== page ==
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Continuous control of endotracheal cuff pressure and tracheal wall damage: a randomized controlled animal study

Abstract

Background

Intubation is frequently performed in intensive care unit patients. Overinflation of the endotracheal tube cuff is a risk factor for tracheal ischemia and subsequent complications. Despite manual control of the cuff pressure, overinflation of the endotracheal cuff is common in intensive care unit patients. We hypothesized that efficient continuous control of the endotracheal cuff pressure using a pneumatic device would reduce tracheal ischemic lesions in piglets ventilated for 48 hours through a high-volume, low-pressure endotracheal tube.

Materials and methods

Twelve piglets were intubated and mechanically ventilated for 48 hours. Animals were randomized to manual control of the endotracheal cuff pressure (n = 6) or to continuous control of the endotracheal cuff pressure using a pneumatic device (n = 6). In the two groups, we inflated the endotracheal cuff with 50 ml air for 30 minutes, eight times daily. This hyperinflation of the endotracheal cuff aimed at mimicking high-pressure periods observed in intubated critically ill patients. In all animals, the cuff pressure and the airway pressure were continuously recorded for 48 hours. After sacrifice of the study animals, the trachea was removed and opened longitudinally for gross and histological examination. A pathologist evaluated the slides without knowledge of treatment group assignment.

Results

The cuff pressure was significantly lower in piglets with the pneumatic device than in piglets without the pneumatic device (median (interquartile range), 18.6 (11–19.4) cmH2O versus 26 (20–56) cmH2O, P = 0.009). No significant difference was found in the percentage of time spent with a cuff pressure <15 cmH2O and that with a cuff pressure between 30 and 50 cmH2O. The percentage of time between 15 and 30 cmH2O of cuff pressure, however, was significantly higher in piglets with the pneumatic device than in piglets without the pneumatic device (98% (95–99%) versus 65% (44–80%), P = 0.002). In addition, the percentage of time with cuff pressure >50 cmH2O was significantly lower in piglets with the pneumatic device than in piglets without the pneumatic device (0% versus 19% (12–41%), P = 0.002).

In all animals, hyperemia and hemorrhages were observed at the cuff contact area. Histological examination showed no difference in tracheal lesions between animals with and without the pneumatic device. These lesions included deep mucous ulceration, squamous metaplasia and intense mucosal inflammation. No cartilage lesions were observed.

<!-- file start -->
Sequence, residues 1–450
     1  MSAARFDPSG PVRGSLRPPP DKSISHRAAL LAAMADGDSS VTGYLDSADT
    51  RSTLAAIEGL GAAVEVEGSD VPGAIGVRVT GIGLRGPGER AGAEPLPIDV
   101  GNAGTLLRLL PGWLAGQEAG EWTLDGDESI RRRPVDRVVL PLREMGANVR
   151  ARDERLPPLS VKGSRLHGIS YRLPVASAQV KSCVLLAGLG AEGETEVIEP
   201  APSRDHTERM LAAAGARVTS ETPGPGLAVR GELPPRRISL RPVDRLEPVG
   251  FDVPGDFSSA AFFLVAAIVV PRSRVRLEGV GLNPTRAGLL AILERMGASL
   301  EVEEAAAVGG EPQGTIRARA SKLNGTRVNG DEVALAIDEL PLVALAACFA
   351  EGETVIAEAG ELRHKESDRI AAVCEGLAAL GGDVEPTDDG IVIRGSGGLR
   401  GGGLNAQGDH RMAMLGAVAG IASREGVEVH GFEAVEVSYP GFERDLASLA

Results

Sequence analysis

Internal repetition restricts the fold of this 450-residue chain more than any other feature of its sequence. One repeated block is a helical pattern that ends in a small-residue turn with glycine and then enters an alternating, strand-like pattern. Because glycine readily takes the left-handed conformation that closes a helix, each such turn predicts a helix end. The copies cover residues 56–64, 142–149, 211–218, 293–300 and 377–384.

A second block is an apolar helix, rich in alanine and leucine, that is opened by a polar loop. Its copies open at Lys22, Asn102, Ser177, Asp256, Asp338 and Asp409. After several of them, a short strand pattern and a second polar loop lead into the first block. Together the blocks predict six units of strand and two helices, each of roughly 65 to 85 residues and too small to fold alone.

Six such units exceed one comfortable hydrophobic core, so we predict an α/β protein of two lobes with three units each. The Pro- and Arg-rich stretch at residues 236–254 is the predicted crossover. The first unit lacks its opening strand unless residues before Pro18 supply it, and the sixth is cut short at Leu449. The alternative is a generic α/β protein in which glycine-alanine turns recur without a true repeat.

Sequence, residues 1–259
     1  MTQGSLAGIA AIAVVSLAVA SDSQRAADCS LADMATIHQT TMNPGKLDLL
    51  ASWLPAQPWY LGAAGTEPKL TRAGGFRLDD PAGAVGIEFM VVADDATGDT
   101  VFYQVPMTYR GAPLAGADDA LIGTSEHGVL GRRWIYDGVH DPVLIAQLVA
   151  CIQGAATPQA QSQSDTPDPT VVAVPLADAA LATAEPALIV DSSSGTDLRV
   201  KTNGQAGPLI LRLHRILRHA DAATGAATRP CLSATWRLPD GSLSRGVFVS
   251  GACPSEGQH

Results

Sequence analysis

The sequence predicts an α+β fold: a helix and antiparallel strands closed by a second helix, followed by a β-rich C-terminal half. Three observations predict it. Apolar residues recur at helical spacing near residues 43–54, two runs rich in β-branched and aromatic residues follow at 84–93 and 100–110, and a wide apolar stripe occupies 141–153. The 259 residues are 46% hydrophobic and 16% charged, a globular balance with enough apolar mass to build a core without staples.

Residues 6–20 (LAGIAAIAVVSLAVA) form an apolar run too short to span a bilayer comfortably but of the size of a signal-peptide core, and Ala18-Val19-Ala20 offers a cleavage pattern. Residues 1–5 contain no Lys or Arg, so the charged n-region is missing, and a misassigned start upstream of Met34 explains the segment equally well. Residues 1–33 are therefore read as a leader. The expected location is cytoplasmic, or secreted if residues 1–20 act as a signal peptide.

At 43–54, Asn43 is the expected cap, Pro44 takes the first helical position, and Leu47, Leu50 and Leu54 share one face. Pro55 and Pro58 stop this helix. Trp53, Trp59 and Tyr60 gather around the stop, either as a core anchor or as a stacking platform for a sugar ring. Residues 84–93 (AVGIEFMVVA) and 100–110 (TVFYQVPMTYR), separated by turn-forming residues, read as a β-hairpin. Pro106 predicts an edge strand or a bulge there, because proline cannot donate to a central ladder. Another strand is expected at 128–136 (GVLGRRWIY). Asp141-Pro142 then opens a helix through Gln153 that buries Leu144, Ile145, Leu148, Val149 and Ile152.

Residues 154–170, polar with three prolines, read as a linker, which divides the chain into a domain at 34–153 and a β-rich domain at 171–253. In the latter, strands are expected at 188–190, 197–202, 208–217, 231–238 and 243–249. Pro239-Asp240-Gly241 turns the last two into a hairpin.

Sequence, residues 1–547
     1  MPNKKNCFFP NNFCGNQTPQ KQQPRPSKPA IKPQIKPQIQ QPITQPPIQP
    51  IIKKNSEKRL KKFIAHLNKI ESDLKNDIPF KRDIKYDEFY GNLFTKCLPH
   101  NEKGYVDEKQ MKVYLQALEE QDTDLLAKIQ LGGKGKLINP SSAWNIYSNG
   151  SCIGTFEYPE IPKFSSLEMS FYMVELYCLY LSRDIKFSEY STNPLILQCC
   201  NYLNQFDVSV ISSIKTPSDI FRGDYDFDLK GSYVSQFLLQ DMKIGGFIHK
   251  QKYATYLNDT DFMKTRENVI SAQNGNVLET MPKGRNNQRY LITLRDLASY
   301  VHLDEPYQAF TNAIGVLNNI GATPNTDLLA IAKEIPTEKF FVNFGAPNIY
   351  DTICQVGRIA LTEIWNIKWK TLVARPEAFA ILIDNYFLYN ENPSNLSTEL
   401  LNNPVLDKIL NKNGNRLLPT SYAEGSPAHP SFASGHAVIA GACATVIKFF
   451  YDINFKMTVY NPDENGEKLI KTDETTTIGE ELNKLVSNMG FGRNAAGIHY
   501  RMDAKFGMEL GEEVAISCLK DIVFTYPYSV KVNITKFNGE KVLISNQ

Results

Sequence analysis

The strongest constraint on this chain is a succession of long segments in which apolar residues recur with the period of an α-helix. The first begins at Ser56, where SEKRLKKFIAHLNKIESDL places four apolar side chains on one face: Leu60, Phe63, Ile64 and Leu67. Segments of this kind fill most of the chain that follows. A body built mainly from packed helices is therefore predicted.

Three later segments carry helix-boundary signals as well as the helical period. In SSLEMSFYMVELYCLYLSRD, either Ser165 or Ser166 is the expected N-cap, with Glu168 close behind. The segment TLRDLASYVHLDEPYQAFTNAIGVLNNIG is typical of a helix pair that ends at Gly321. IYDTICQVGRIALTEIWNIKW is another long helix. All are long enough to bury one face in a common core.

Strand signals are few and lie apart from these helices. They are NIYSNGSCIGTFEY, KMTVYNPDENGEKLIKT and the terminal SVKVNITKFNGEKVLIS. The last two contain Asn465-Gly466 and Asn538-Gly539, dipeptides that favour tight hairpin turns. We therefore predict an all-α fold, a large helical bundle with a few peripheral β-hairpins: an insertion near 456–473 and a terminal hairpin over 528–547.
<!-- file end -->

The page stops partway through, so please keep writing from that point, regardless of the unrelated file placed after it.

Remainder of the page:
Conclusion

The pneumatic device provided effective continuous control of high-volume, low-pressure endotracheal cuff pressure in piglets mechanically ventilated for 48 hours. In the present model, however, no significant difference was found in tracheal mucosal lesions of animals with or without a pneumatic device. Further studies are needed to determine the impact of continuous control of cuff pressure over a longer duration of mechanical ventilation.

Introduction

Endotracheal intubation is frequently performed in intensive care unit (ICU) patients [1]. The endotracheal tube cuff is responsible for tracheal mucosal lesions that are visible at the cuff contact area a few hours after intubation [25]. These lesions may result in serious complications such as tracheal stenosis and tracheal ruptures [68]. According to the results of studies using a low-volume, high-pressure endotracheal cuff, the prevalence of postintubation and post-tracheotomy stenosis varies from 10% to 19% in ICU patients [9, 10]. More recent studies using a high-volume, low-pressure cuff, however, showed that clinically significant stenosis was less common (1‰–1%) [11, 12]. Hyperinflation of the endotracheal tube cuff is the most frequent risk factor for tracheal ischemia and subsequent complications in these patients [13].

Complications related to insufficient cuff inflation have nevertheless been reported, including leaking of the tidal volume and microaspiration of secretions and subsequent ventilator-associated pneumonia [14]. In most ICUs, the endotracheal cuff pressure is never checked [1518]. In these ICUs, caregivers frequently overinflate the tube cuff to prevent gas leak and pulmonary aspiration [15, 18].

High-volume, low-pressure endotracheal tubes have significantly reduced the frequency of ischemic tracheal lesions. Even when high-volume, low-pressure endotracheal tubes are used, however, ischemic tracheal lesions may occur [19]. An endoscopic study performed in 40 patients undergoing surgery showed that obstruction of mucosal blood flow occurred at a lateral wall pressure above 30 cmH2O [20].